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Prepare to Pop the Question

At the American Chemical Society's Careers blog this week, John Borchardt outlines ways to "focus on your strengths and emphasize using them in your current job assignment to obtain outstanding results and recognition from your management." In order to earn a promotion, researchers must often prepare a sufficient rationale for their employers. To do that, Borchardt suggests that researchers first identify their best strengths and accomplishments in their current positions and consider the responsibilities of their target job assignments. "Determine the strengths essential in the new position. Then decide which of these skills you have demonstrated in your current or previous job assignments," he says. "For you to be a strong candidate for the new job there should be a substantial overlap in these two lists." Next, rather than rushing to put in an application for the new job, researchers ought to hone in on potential opportunities to showcase their top two strengths in their current jobs. All the while, Borchardt suggest that researchers "keep an accomplishment sheet that summarizes each of your accomplishments and the strengths you drew on to accomplish them." That way, when it comes time to ask for a promotion, they will have proof of their efforts at hand. "Your supervisor may inform you of additional things you need to do to qualify for your desired promotion of job transfer," Borchardt says. "If you are prepared for this meeting, you may be able to cite things that will convince your supervisor that you are indeed quite qualified for the new job."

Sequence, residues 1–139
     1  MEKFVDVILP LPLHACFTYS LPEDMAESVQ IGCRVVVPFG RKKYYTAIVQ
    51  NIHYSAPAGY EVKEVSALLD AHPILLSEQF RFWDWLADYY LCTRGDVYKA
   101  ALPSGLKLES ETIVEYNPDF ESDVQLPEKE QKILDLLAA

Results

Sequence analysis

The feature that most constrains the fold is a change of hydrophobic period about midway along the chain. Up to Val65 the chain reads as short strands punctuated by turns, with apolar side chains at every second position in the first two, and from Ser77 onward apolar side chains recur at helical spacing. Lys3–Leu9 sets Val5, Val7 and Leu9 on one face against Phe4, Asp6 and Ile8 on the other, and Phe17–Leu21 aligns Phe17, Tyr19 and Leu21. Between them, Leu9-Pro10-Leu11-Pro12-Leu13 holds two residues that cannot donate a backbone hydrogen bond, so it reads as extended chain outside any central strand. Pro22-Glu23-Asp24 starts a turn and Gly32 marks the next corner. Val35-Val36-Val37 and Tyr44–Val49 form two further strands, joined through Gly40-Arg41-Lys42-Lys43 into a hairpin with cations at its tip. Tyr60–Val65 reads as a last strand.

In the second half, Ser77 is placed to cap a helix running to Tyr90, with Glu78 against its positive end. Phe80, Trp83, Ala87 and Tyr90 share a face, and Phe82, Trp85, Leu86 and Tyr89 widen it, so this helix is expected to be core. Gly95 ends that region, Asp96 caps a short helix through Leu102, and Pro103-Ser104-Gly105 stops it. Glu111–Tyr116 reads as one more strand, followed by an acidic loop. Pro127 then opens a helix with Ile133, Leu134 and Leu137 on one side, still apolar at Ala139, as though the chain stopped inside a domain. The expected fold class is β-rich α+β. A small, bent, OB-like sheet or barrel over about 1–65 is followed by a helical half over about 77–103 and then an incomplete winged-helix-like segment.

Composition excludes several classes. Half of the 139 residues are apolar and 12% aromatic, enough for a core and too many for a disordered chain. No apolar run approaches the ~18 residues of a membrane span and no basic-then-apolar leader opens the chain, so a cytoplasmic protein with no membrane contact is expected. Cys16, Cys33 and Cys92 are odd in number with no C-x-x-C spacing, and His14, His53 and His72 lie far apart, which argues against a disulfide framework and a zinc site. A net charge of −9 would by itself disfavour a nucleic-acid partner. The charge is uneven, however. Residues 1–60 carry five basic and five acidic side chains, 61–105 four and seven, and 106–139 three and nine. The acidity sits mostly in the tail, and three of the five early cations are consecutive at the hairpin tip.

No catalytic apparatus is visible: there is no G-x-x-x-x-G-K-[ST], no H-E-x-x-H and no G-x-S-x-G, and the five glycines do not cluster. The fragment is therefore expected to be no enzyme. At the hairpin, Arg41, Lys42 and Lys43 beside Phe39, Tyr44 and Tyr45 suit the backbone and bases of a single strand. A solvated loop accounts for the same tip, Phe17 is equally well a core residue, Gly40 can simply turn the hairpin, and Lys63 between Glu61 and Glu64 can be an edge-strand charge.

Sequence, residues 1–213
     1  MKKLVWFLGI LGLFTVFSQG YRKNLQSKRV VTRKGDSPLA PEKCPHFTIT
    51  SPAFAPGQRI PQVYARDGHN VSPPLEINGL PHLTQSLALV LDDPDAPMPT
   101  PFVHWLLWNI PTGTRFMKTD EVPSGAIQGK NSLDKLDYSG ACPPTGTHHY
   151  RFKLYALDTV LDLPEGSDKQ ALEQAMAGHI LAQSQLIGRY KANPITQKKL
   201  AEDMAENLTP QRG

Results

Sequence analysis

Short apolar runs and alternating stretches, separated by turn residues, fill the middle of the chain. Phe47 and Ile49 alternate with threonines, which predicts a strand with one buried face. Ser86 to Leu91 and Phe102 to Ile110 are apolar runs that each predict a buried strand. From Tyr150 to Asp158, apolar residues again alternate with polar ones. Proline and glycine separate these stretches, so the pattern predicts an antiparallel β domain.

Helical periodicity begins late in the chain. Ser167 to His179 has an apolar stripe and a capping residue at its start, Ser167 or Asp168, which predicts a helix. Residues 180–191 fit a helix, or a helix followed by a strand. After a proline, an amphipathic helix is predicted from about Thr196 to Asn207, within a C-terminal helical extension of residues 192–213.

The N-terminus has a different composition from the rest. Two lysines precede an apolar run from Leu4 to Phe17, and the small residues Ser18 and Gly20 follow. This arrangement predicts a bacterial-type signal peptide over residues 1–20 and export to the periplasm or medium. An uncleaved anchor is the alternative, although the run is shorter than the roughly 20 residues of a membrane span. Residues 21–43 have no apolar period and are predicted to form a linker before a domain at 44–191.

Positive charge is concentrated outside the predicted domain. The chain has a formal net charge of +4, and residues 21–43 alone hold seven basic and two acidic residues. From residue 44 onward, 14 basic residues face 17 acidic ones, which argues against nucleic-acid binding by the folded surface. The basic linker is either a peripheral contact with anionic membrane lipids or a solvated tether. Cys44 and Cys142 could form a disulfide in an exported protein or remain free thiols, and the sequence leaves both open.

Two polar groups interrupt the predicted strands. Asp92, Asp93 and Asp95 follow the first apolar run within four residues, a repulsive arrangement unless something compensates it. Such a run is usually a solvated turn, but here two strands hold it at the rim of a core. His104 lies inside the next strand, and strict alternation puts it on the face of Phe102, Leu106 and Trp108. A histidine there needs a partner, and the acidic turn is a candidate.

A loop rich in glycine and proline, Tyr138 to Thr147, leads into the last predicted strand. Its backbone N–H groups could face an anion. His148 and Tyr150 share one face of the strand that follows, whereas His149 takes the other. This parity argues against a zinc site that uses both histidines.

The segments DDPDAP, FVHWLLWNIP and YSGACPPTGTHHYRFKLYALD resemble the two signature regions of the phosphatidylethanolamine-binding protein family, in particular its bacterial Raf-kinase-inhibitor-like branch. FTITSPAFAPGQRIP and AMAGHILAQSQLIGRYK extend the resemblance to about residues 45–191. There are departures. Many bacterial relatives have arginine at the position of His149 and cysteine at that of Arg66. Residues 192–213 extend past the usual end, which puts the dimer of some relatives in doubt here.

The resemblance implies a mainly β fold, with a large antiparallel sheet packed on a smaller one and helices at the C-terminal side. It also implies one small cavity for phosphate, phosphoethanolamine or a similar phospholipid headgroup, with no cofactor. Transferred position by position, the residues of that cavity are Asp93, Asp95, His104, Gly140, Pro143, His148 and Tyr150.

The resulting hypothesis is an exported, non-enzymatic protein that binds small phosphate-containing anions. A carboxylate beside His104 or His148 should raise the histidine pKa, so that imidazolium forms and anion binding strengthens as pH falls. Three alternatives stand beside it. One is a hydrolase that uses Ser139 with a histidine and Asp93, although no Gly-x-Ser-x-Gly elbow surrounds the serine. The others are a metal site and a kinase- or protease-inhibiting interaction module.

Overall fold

The Scan

Pig Organ Transplants Considered

The Wall Street Journal reports that the US Food and Drug Administration may soon allow clinical trials that involve transplanting pig organs into humans.

'Poo-Bank' Proposal

Harvard Medical School researchers suggest people should bank stool samples when they are young to transplant when they later develop age-related diseases.

Spurred to Develop Again

New Scientist reports that researchers may have uncovered why about 60 percent of in vitro fertilization embryos stop developing.

Science Papers Examine Breast Milk Cell Populations, Cerebral Cortex Cellular Diversity, Micronesia Population History

In Science this week: unique cell populations found within breast milk, 100 transcriptionally distinct cell populations uncovered in the cerebral cortex, and more.